1) What was your biggest fear when you started at MFA?
Honestly, my biggest fear when I came to my first class at MFA almost 2 years ago was whether I was wearing the right clothing! I had never really worked out before, and I didn't want to stand out. I wore leggings and a tank top, and I fit right in. It was only when I got on the silks that I realized my biggest obstacle would be the fact that I had never really worked out before. (I couldn't raise my arms more than a couple inches after that first class.) Thankfully, I soon realized that everyone else in my Silks 101 class was a beginner, too.
2) What encouraged you most to keep coming back?
Even though I was a little discouraged by my lack of physical fitness, I was inspired by all the strong, badass, and friendly women in my classes. I'd like to give a special shoutout to my long-time friend Sarah Champion, who encouraged me to keep coming and let me use her guest pass! This support made coming back to class each week so much easier. My favorite thing about the studio (besides the ceiling height) is the excellent instruction I've gotten from my teachers. I've been known to "go rogue" on a move, especially when I'm learning. Each teacher has been so patient with me, whether I'm on the silks, hammock, hoop, or pole. They have taught me safety and good form, and I'll be forever grateful for it!
3) What is your favorite class to take?
Maybe you wouldn't guess it from my Instagram posts, but my favorite apparatus is hoop. I won't lie, partially what I love about hoop is that there are tons of beautiful resting poses! I also think that hoop has taught me the most translatable skills for silks, hammock, and pole. Most importantly, I've been able to master enough moves in hoop to allow me to practice flow. Achieving a flow state in my practice has been my proudest accomplishment.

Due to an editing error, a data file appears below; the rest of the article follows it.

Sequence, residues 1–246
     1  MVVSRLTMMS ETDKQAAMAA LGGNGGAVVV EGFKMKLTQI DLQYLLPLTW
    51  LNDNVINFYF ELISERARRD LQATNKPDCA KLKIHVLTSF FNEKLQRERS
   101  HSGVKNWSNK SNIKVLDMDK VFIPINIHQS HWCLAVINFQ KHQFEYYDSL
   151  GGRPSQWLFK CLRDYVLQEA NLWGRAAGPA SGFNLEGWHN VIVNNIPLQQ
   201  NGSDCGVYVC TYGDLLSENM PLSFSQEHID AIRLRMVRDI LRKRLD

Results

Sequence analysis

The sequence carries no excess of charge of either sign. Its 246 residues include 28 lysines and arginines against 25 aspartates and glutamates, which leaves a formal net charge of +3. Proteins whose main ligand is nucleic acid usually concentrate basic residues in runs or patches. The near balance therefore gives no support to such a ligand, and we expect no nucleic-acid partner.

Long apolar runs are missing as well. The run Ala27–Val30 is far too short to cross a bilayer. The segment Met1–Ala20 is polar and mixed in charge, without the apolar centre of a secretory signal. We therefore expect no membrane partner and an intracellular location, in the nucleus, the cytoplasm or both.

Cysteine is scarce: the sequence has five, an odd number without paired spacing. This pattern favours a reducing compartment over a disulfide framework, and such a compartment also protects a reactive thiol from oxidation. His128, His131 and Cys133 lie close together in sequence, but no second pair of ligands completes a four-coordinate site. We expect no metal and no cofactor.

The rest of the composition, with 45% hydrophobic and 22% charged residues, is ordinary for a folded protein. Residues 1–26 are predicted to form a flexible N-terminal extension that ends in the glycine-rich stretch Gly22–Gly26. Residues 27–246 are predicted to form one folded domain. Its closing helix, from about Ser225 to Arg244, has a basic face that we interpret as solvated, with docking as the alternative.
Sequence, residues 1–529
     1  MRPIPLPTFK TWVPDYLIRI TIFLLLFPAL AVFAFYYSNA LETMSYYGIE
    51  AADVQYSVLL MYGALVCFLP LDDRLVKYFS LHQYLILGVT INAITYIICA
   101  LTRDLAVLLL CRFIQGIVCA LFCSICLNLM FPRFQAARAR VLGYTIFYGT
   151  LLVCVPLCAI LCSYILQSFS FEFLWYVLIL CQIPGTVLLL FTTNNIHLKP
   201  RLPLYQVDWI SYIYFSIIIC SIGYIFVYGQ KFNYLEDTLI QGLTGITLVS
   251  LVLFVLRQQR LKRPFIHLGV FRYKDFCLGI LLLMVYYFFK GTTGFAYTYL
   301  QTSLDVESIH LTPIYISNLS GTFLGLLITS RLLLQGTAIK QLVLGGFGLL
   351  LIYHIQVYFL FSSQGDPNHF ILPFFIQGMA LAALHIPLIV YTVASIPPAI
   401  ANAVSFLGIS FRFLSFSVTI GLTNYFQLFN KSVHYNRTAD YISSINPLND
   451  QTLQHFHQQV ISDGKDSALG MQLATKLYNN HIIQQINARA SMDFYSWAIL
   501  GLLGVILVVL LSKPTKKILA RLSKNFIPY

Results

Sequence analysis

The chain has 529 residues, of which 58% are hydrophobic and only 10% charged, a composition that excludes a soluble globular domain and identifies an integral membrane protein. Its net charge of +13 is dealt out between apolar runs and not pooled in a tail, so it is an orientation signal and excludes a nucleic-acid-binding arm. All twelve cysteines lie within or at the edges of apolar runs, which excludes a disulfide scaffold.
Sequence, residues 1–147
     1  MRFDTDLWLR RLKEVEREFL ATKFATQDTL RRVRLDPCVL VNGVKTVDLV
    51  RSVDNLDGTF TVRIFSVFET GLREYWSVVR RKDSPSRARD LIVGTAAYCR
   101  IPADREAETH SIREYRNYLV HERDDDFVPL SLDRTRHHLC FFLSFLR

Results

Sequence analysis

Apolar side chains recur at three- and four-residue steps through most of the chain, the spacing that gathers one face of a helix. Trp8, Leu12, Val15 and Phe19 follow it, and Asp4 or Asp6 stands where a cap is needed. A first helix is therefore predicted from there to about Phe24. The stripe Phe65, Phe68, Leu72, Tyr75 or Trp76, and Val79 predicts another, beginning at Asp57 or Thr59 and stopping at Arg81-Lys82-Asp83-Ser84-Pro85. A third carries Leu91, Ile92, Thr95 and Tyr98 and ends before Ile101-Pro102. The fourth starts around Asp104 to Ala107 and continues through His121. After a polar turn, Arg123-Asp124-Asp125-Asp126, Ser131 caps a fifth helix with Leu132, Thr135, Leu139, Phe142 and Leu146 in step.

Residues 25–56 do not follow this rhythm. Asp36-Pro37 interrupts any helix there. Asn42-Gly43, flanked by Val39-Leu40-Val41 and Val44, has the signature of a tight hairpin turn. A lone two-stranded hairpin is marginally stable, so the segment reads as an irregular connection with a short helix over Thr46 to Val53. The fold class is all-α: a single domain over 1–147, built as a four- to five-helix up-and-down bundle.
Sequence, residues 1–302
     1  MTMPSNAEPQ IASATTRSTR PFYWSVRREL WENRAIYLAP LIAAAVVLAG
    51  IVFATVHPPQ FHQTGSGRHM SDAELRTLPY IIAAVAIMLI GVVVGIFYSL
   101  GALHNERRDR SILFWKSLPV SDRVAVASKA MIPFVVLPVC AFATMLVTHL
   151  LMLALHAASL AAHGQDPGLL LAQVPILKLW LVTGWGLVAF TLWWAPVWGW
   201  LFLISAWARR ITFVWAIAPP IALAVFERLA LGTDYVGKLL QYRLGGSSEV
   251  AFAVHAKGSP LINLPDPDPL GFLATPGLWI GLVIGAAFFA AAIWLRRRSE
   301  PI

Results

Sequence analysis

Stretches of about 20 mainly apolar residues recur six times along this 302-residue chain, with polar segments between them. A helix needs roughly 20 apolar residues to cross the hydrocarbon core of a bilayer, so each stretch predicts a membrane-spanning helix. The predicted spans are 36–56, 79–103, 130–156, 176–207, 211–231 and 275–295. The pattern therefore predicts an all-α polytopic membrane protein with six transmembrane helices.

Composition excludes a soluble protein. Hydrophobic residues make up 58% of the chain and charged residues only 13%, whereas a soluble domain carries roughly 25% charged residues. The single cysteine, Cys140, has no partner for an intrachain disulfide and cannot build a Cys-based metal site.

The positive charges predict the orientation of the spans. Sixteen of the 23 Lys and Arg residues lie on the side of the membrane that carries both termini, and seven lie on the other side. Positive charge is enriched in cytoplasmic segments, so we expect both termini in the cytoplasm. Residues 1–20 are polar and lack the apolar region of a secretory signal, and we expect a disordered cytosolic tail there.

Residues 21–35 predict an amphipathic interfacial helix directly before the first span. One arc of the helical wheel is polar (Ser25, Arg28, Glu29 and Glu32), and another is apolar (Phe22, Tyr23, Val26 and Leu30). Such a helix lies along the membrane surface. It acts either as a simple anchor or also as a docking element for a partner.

4) What trick has taken you the longest to perfect? Are you currently working on anything specific?
Technically, the "trick" that has taken me the longest to perfect is my basic climb in silks. It's one of the first moves that you learn as a beginner, but it's one of the easiest skills to overlook. I took my first silks class in August of 2015, and I finally performed this climb with good form in June of 2017. In the aerial room, I'm focusing on form and transitions more than learning new moves. I've been recording myself and looking for points of weakness such as throwing my head back when I invert, awkward hand poses, and sloppy feet (somewhere between pointed or flexed). I'm so new to the pole room, that most of my focus is learning how to be on a pole. Specifically, I've been working on mastering weird balance moves like the stargazer, skater, and "Hello boys."
5) What is your advice for new students?
FORM IS EVERYTHING. Seriously, if you take the time to learn a move the right way, you will save yourself from so much injury and frustration later. When practicing a move, ask a teacher to watch you and give you feedback. Take their advice to heart and practice often. One last thing: don't be afraid to try weird poses once you've gotten the move down. You probably won't like how most of them look, but you'll probably land on one or two that will become a part of your signature style.